WORLD’S RIVERS ARE CONTAMINATED WITH ANTI-BIOTIC
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According to a new global study, the world’s rivers are widely contaminated with dangerous levels of antibiotics.
- Researchers from the University of York in the UK done this global study, the first of its kind analysed samples from rivers in 72 countries and found that antibiotics were present in 65% (two-thirds of waterways) of them. The anti-biotics were mixed, greater than 300 times of WHO’s recommendations.
- Scientists fear antibiotics in rivers cause bacteria to develop resistance meaning they can no longer be used in medicines for humans.
- The UN estimates that the rise in antibiotic resistance could kill 10 million people by 2050.
- The data was collected from 711 sites, and from some of the world’s best-known rivers, including the Chao Phraya, Danube, Mekong, Seine, Thames, Tiber and Tigris.
- From the study, they found dangerous levels of contamination were most frequently found in Asia and Africa.
- Sites in Bangladesh, Kenya, Ghana, Pakistan and Nigeria exceeding safe levels by the greatest degree.
- The worst case was found at a site in Bangladesh, where concentrations of the drug Metronidazole which is used to treat bacterial infections, including skin and mouth infections exceeded safe levels by up to 300 times.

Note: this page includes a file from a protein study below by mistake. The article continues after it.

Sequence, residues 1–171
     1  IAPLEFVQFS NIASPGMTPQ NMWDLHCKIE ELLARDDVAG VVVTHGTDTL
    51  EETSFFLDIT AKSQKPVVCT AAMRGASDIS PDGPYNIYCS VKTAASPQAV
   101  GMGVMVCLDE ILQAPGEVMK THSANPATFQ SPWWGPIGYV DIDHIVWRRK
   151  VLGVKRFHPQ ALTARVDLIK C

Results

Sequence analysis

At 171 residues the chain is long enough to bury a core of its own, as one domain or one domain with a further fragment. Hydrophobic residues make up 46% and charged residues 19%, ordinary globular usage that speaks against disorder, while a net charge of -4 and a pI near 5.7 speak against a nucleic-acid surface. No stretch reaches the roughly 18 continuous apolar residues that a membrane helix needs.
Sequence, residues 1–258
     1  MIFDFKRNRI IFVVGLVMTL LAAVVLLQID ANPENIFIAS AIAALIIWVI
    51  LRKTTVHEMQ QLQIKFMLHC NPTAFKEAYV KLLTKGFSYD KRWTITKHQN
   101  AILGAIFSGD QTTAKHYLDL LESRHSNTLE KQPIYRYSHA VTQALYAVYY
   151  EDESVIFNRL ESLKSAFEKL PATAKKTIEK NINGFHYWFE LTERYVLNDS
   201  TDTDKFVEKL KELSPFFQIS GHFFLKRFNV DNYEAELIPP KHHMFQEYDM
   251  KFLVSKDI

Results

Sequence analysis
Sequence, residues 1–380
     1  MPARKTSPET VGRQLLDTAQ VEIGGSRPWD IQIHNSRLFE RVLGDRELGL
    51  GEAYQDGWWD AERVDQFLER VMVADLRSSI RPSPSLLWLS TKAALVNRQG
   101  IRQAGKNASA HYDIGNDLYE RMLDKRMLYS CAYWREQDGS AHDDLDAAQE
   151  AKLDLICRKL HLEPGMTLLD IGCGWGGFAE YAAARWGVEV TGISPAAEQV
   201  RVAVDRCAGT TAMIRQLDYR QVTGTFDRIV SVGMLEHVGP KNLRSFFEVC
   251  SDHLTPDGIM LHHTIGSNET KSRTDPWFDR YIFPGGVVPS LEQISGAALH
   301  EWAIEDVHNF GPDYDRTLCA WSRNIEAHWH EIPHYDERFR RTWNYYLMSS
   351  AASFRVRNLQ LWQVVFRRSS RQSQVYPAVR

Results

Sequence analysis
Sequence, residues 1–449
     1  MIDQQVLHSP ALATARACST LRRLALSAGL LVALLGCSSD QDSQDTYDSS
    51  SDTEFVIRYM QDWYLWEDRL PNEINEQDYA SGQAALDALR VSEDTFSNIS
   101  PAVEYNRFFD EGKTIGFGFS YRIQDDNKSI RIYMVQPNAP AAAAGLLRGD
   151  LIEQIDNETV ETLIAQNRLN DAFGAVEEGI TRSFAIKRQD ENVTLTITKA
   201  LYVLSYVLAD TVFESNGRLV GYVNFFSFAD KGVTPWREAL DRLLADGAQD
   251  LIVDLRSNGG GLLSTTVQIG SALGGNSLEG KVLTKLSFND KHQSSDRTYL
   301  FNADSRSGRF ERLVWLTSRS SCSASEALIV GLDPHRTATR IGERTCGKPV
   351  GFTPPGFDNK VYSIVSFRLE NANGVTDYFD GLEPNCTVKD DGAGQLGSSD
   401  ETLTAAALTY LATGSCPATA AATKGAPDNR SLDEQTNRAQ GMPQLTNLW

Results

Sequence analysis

- According to new guidelines established by the AMR Industry AllianceSafe levels can range from 20,000 to 32,000 nanograms per litre (ng/l), depending on the antibiotic.
- The team looked for 14 commonly used antibiotics in their samples.
- Trimethoprim – a drug primarily used to treat urinary tract infections at 43% of the river sites tested, making it the most prevalent antibiotic found.
- Ciprofloxacin – The bacteria-fighting anti-biotic, the most frequently exceeded safe levels, surpassing the safety threshold in 51 places.
- High-risk sites were typically next to wastewater treatment plants, waste or sewage dumps and in some areas of political turmoil.
- The Thameswas contaminated with five antibiotics, including levels of ciprofloxacin, used to treat skin and urinary tract infections that were three times what is considered safe.
- Sites in Europe, North America and South America also had high levels of contamination showing that antibiotic contamination was a “global problem”.
- Drugs get into rivers via human and animal waste, as well as leaks from wastewater treatment and drug manufacturing sources.